On 29 October, a report from Columbia University in the US saying that the 4 countries announced in 2017 that they were cutting diplomatic ties with and imposing sanctions on Qatar.  The most formidable of these sanctions was a comprehensive blockade of Qatar, which involved the closure of the land border between Qatar and Saudi Arabia as well as banning Qatari aircraft from entering the countries’ airspace. The coalition then embarked on a limited programme of sanctions advocacy, seeking US, European, East Asian, and other regional support for their efforts.  The report sets aside whether the cause of the Qatari dispute with its neighbours justified the use of sanctions and examines the significance of the execution of those sanctions.  Qatar’s experience is not replicable in many contexts, given its sizable advantages in available resources. Nonetheless, how the country responded to and — in assessment of the report — effectively defeated the sanctions campaign mounted against it points to several lessons about the design and implementation of sanctions.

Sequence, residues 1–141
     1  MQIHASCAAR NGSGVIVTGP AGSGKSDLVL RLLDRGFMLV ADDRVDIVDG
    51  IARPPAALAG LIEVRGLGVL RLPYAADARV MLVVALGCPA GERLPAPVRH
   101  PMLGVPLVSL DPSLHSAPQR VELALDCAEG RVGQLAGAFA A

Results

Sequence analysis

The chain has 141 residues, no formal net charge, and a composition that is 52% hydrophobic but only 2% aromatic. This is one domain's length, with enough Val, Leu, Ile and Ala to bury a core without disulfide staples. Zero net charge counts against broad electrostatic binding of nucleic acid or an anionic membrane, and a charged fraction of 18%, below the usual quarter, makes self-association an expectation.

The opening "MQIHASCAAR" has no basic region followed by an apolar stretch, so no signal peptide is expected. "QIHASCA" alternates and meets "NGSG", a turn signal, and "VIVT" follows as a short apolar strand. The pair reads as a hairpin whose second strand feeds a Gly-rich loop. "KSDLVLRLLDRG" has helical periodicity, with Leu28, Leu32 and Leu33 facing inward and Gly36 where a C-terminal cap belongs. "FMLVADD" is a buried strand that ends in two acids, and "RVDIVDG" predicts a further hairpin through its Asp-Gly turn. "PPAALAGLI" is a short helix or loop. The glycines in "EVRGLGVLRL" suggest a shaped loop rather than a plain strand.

I had omitted the following link (as it did not seem to generate much interest!), but it seemed time to add it again and say that, if you would like to make a (polite) gesture and help me with my removal and computer costs, I have a page at

Author: raytodd2017

Chartered Legal Executive and former senior manager with Isle of Man Customs and Excise, where I was (amongst other things) Sanctions Officer (for UN/EU sanctions), Export Licensing Officer and Manager of the Legal-Library & Collectorate Support Section

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